" Whether we are the last human beings on the Earth in this time of climate crisis or the first in a new community of renewal that lives more in genuine relationship with each other and the Earth, our greatest hope is first simply to be blessed by and in return bless the Creation."
Brief Bio. Presbyterian pastor and certified Spiritual Companion, rooted in soul connection with nature.
Tell us a bit about who you are and how you came to this work.
I am healing. I am currently in the middle of a bone marrow transplant for lymphoma, which is a 2-year process. After months of preparation involving chemo and radiation, I received donor stem cells (from my brother) June 16, 2023. Now it is mostly house arrest—isolating, resting and healing as my newborn immune system slowly regrows over many more months. It has been a great challenge to my body, but also my mind and spirit being mostly isolated from those I love; having to retire in November 2022 as pastor of the church I had served for 28 years; and finding my way into the new chapter of marriage, friendship, and life.
In some ways, the disease itself and the long time of isolation has been monastic. I have been surprised and amazed by moments of rapture recognizing the wildness, the thrilling life, that is my human nature. The caress of a cool breeze, the warmth of the summer sun and the sudden birdsong are simple life-giving wild gifts in my brief ventures out into the yard with the dog.
I came to this work through the writing of Richard Rohr and Bill Plotkin over ten years ago. I participated in an Animas Valley Vision Quest in 2016 and a couple of Animas experiences thereafter. Through the Seminary of the Wild I came to appreciate my own “watershed” and place on the Earth here and now. I am a retired Presbyterian Minister with 36 years of full-time ministry experience, a Doctor of Ministry and a certificate in Spiritual Companionship from Mt St Scholastica Benedictine Women’s Monastery in Atcheson, KS. (The sisters say, “Direction,” but I like “Companionship”). I was in the first Seminary of the Wild in 2019-20.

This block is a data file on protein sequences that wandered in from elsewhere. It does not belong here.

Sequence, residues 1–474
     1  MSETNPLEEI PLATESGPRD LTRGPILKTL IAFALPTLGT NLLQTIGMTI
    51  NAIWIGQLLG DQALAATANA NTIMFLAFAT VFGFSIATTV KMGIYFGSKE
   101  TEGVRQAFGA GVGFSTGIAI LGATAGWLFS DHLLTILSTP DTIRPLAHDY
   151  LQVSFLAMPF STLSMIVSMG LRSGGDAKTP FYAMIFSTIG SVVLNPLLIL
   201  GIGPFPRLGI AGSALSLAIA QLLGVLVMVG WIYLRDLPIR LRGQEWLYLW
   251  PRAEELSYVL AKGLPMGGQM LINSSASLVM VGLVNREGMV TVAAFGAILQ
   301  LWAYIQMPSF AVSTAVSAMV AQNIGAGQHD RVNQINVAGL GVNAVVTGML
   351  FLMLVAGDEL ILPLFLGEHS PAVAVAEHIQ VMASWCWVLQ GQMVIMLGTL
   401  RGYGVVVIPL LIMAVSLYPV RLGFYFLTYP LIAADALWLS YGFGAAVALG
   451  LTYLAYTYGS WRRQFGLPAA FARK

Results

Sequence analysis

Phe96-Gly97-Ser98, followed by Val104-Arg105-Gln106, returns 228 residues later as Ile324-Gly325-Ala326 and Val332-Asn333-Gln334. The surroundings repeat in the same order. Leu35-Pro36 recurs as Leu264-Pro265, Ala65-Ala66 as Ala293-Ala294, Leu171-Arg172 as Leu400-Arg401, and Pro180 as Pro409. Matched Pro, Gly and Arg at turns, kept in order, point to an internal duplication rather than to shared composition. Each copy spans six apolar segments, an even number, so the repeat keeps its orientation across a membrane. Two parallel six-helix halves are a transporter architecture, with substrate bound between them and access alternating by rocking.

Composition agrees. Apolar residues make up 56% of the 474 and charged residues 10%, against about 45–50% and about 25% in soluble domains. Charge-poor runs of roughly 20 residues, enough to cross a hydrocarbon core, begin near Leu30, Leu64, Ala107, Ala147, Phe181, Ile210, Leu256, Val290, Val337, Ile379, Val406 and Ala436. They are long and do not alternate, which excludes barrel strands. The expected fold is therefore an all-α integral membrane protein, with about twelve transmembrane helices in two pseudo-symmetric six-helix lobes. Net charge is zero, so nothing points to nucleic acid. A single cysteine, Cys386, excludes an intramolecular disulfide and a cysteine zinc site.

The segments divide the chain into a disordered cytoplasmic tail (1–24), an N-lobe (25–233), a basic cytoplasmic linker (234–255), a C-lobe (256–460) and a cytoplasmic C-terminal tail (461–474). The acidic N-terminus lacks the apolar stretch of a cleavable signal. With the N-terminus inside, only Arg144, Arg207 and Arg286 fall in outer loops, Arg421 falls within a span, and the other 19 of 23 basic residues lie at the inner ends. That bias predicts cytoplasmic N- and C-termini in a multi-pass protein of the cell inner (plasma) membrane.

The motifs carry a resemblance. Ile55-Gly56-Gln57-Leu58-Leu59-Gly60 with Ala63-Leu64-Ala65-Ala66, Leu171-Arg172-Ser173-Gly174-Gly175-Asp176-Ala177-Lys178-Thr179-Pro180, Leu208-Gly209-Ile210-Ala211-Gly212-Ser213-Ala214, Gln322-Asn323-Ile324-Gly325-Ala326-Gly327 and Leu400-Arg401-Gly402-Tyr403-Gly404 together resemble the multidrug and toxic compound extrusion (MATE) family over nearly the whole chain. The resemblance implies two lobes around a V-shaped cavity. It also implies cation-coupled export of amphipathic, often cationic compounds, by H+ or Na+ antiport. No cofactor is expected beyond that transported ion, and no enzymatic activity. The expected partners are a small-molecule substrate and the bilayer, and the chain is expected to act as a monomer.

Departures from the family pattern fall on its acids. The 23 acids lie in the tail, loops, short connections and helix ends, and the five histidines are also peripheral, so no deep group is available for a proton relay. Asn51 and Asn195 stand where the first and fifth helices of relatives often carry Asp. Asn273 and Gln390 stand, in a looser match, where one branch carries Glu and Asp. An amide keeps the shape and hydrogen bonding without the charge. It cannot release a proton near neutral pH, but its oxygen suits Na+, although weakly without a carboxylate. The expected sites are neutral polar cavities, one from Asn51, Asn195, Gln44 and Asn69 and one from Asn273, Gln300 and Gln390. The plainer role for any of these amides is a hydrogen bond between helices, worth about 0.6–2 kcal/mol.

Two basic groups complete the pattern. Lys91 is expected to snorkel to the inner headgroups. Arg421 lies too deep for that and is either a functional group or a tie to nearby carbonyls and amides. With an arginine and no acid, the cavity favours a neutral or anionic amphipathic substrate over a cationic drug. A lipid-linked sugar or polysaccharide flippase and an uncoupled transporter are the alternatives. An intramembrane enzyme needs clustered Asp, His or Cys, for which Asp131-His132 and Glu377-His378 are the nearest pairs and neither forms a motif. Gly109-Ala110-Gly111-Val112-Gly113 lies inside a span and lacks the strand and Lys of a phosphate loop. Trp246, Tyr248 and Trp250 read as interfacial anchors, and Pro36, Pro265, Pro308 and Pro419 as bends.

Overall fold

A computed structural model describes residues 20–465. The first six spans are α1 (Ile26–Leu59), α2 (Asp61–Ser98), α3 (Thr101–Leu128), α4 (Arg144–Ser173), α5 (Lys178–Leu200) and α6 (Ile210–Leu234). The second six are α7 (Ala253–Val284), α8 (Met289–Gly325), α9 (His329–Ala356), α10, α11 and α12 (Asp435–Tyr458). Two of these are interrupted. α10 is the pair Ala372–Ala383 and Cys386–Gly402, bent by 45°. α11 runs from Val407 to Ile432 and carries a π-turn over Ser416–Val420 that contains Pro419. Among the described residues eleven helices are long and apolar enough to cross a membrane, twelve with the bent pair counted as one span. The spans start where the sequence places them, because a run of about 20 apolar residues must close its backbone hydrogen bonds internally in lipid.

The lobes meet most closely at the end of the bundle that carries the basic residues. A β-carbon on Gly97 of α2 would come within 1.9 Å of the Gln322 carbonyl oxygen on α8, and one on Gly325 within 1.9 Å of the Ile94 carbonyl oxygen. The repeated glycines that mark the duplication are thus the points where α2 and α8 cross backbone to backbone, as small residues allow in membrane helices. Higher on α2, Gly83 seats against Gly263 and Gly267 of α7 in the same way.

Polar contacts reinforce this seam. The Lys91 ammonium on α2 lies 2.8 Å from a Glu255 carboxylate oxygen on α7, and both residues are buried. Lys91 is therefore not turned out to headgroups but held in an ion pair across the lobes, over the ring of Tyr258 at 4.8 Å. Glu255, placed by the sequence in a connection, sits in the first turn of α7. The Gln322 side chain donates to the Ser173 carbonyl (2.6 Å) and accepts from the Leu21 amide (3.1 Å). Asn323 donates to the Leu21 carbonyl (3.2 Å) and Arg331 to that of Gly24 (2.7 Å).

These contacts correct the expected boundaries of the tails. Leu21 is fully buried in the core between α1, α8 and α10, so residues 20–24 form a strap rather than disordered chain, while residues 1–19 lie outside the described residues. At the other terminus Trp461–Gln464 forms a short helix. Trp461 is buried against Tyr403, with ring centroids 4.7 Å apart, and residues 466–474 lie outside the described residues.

What are the lands that raised you, and how has your own connection with the natural world influenced your path?
I grew up on the edge of a town in rural Missouri in the 60’s and 70’s. I spent many long days in “the woods” near our home alone and with neighborhood kids. I can still hear the meadowlark, the red-winged blackbird and feel deep grass tugging at my feet as we waded through the fields going nowhere in particular. It was through SOW that I came to realize that the same God was as real in my childhood memories of wonder in “the woods” as in the church our family attended. In fact, “the woods” were my first spiritual companion. I still live on the edge of Kansas City, MO, near a small wild space.
Why do you believe a practice of spiritual connection with the earth is important for our time?
A few years ago, I regularly walked to church. Along the sidewalk was a dead tree full of buzzards. Right in the middle of a suburban front yard, a huge dead tree with a dozen turkey vultures roosting on the high, bare branches! Each morning they would stretch out their wings and sun themselves. As I passed beneath them on the sidewalk, I really felt them blessing me. A blessing I would hold out my arms to receive and return.
Whether we are the last human beings on the Earth in this time of climate crisis or the first in a new community of renewal that lives more in genuine relationship with each other and the Earth, our greatest hope is first simply to be blessed by and in return bless the Creation.
What are you looking forward to offering as a guide in Seminary of the Wild Earth?